To visit this amazing place for free, simply look at the opening hours of the park (which change depending on the season) and go before or after it opens. The opening times coincide with Sunrise and Sunset, so be there right on closing time in winter, otherwise, it will be too dark too quickly. We visited twice, just after sunset, and just before sunrise. Sunrise proved the least crowded.

Inside Park Güell

Empty Park Güell

Sagrada Familia

This one isn’t as simple as Park Guell. On Wednesdays in low season, Sagrada Familia offers under 30’s half price tickets after 4pm. Yes, very specific. But the tickets were 7 euro each! You do have to queue up to purchase, as there is no option online. Thankfully, this time of year the queue was short. It is open until 6pm at night, so you have two hours to see this place. Inside is simply awe inspiring. I don’t think I’ve ever looked up so much!

This deal may change, investigate first. You only find this deal, or any others, by going to the ticket page on their website, trying to buy a ticket, and then you can see the terms and conditions of such deals. Do not buy a ticket here though, this is just to check the times and price. This ticket is simply the entry to the Sagrada Familia, no tower climbing or audio guides.

 

Look up!

 

Morocco

Marrakesh airport reminds you that you have definitely left the EU. Back to filling in arrival and departure forms and passport control with humans, not computers. They make you sweat whilst looking over your documents, then at you, then back at your documents. Yes, that is me in that horrible photo, my resting bitch face is different to my current ‘smiling nicely so you let me into your country’ face.

The Moroccan Medina Cat

Marrakesh

The Medina is crazy! I’m guessing people either love it, or they hate it. I’m leaning toward the latter. If you enjoy crazy busy streets, people yelling at you to buy their shit, and it is shit, surrounded by monkeys on chains in diapers forced to perform, scooters and bikes wizzing past you on narrow streets, being stared at like you are a cash cow, and the constant bombardment of strange smelling meaty food, then your on to a winner!

Lights in the Medina.

I would not recommend staying inside the Medina. You need an escape from the craziness and some peace and semi quiet. On our second stint in Marrakesh, we did just that. We stayed near the palaces in a super cheap Airbnb with nothing but (almost) silence outside.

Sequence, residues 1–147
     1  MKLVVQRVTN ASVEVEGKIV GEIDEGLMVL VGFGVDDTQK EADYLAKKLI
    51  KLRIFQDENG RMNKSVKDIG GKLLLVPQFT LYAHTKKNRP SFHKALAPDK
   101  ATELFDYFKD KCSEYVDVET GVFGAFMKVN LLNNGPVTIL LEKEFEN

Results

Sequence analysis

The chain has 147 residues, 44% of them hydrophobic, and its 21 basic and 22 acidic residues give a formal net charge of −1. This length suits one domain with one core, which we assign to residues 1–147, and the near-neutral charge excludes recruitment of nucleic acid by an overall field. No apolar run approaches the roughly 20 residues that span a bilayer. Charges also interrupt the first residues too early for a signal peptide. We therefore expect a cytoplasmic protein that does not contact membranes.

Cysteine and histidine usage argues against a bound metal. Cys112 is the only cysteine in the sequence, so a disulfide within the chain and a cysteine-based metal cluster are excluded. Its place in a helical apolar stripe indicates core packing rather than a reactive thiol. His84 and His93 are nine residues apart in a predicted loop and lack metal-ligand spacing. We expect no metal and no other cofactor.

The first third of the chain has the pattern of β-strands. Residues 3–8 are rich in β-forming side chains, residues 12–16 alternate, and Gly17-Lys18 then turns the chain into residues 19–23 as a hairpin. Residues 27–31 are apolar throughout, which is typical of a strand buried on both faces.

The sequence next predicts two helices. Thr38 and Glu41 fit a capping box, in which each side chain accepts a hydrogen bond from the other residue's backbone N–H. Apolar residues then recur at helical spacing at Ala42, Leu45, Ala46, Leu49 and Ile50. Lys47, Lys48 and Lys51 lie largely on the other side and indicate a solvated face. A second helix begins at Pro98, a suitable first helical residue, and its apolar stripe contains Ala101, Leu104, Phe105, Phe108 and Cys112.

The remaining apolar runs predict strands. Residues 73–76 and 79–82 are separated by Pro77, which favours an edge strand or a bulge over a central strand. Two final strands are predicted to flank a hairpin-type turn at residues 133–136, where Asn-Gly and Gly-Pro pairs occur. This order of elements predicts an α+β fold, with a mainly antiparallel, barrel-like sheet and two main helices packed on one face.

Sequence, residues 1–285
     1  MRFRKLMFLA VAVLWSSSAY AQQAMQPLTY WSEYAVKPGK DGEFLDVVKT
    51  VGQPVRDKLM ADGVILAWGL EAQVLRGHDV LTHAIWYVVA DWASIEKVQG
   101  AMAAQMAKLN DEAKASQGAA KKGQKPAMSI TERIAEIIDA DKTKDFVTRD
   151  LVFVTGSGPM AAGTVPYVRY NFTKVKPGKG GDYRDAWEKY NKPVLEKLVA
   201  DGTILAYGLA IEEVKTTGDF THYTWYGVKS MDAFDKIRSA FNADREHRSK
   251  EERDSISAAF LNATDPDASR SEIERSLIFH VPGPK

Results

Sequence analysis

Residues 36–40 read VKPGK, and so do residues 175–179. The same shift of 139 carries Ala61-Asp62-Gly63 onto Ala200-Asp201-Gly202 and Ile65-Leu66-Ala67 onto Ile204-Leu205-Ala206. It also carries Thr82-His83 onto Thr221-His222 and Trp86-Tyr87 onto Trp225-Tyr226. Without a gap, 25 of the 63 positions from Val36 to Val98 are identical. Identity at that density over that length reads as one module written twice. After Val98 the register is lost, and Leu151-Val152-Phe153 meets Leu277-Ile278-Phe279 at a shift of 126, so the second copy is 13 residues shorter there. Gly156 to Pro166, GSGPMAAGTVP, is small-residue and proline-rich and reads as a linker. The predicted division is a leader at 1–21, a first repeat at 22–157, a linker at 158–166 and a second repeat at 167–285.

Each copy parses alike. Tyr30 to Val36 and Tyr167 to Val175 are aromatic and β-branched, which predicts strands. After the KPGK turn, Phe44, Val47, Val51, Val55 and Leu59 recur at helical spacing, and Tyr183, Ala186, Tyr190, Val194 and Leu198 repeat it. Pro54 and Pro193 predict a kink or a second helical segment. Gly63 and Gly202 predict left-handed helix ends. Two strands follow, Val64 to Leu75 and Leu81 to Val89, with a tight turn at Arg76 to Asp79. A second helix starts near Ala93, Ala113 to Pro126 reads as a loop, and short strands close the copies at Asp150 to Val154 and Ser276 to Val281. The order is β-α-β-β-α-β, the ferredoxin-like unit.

A note on the cats: They are not cared for or fed like in Albufeira. They also are wary of humans. They scrounge for scraps, so spare a piece of chicken and keep a cat happy.

Sunset over the roofs of Marrakesh

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Essaouira

This is the place to go to escape Marrakesh. Sun, sand, white painted buildings, ocean and a gentle sea breeze. It is a nice quiet fishing town that seems like winter is the time for the locals.

Essaouira

Things to consider

School holidays.

It creates crowds and queues. The main reason for travelling off season is to avoid these. So check out the school holiday dates for the country you intend to visit and plan accordingly.

Accommodation.

When booking on Airbnb, some places are actually not available, even when listed as vacant. We got rejected for 3 places in Barcelona alone! The hosts also holiday in this time of year or are simply not available. Although places can be cheaper, some places just aren’t open for business.

Weather.

Not always predictable, in winter there is no guarantee of the sunshine every day like there is in these destinations in summer. However, your chances of sunshine are still higher than rain. Barcelona was the coldest destination out of all these for us, but it was still a pleasant 15 degrees (celsius) and no rain this whole trip!

 

 

These are all low season dream destinations. Sun, sand and warmth. As highlighted in our wintery Europe post, the various reasons for travelling during this time is the same… minus the snow!